In this re-broadcast lesson, visiting scholar, Shaykh Walead Mosaad, reviews the chapters on holding one’s tongue and condemnation of rancor and envy. These chapters are originally written by Imam Ghazali in his book Ihya Ulum al-Din.
Shaykh Walead begins with the chapter on holding one’s tongue and the criteria for one should or should not speak. One should know that their speech is significant and has an effect. In addition, speech is not limited to what we say, but also what we propagate on social media.
We have gotten into the habit of naming and shaming online in order to showcase that they’ve made a mistake. However, the sunnah of the Prophet was about having wisdom, and his speech was always measured. As such, we should follow his example and not what we have become used to in our cultures or current state of affairs.
The Quran and Sunnah give us very vivid descriptions of the punishments people are given for the sins of the tongue because of the gravity of those actions in the eyes of Allah. Imam Ghazali lists the sins of the tongue from the least bad to the worst:  Talking about what doesn’t concern you.  Talk that is trivial or repetition of something that isn’t important  Talking about (or watching) sins even if one doesn’t partake in them  Aimless disputation and arguing about things that may in and of themselves wrong to argue about  Say something about someone that you feel has wronged you or taken your right but what you talk about is irrelevant to the situation  Trying to talk very poetically to get people’s attention  Using vulgar language  Damning and cursing others (even animals)  Singing songs with bad meanings  Joking excessively … there are 10 more mentioned in the chapter that was not covered in the lesson due to time constraints.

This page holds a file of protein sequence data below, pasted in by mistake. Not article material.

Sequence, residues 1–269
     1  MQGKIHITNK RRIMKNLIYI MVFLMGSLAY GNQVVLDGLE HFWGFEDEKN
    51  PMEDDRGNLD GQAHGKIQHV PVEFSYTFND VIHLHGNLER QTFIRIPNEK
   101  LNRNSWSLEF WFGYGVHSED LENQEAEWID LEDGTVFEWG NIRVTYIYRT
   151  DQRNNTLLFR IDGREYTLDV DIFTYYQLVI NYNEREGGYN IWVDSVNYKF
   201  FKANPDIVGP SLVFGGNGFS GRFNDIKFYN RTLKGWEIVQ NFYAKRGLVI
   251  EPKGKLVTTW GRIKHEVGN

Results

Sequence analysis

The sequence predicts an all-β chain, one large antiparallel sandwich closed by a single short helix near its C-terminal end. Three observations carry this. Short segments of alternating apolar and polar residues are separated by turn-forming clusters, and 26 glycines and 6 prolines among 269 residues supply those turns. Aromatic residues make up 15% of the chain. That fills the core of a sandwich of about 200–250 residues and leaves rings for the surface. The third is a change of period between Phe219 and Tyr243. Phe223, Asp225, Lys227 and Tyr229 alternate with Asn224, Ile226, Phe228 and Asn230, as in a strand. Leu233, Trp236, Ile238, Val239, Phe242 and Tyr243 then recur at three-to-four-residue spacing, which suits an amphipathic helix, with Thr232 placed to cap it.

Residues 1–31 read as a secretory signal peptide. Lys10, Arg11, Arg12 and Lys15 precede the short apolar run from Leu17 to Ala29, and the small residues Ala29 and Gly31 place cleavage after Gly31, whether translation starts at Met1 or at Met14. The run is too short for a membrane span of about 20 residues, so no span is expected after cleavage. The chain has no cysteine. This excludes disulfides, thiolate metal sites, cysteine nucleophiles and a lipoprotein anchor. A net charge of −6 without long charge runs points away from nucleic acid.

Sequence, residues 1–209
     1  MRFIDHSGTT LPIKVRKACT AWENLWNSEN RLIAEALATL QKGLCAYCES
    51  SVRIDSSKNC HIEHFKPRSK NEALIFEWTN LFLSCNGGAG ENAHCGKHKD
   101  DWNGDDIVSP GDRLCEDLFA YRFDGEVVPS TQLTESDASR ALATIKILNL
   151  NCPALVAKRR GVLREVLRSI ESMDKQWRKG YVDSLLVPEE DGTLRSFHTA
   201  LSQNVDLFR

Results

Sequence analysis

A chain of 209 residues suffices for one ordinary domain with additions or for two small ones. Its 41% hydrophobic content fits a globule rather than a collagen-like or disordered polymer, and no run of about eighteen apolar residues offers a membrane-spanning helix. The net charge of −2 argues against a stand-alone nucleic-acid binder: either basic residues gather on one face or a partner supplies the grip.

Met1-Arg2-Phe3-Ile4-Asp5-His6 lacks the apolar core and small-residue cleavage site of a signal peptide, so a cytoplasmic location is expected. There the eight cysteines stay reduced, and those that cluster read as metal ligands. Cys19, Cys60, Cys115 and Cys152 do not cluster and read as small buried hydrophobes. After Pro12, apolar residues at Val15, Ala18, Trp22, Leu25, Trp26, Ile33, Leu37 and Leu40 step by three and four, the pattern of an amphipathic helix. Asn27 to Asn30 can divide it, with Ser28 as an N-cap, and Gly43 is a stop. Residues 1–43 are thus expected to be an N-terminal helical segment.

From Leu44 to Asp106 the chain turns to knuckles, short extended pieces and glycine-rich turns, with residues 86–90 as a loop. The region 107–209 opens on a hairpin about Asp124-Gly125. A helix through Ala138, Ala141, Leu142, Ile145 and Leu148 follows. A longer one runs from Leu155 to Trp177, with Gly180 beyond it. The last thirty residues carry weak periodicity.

The second chapter, Shaykh Walead reviews relates to the condemnation of rancor and envy. The desires of the human are divided into two types: appetites and anger. These desires are there to support a person’s survival. For this reason, anger can be both justified and unjustified.
Unjustified anger stems from entitlement and ego when one isn’t recognized for that which they are deserving of that makes them angry. When that is left to fester it develops into enmity and envy. The cure to it is a combination of knowledge and practice. Knowing that this is wrong and harms you more than the other person. In addition, practicing patience and suppressing anger; there is great reward in that.
Lastly, remember that anger and envy stem from an objection to Allah’s decree and Allah’s giving to you and to them. In this brief overview of Imam Ghazali’s opus magnum, Ihya Ulum al-Din (Renewing the Religious Sciences), this series will serve as a blueprint for how the believer can bring to life their religion. It will aim to help the believer to not just practice the form of the religion properly, but to also practice it with excellence.
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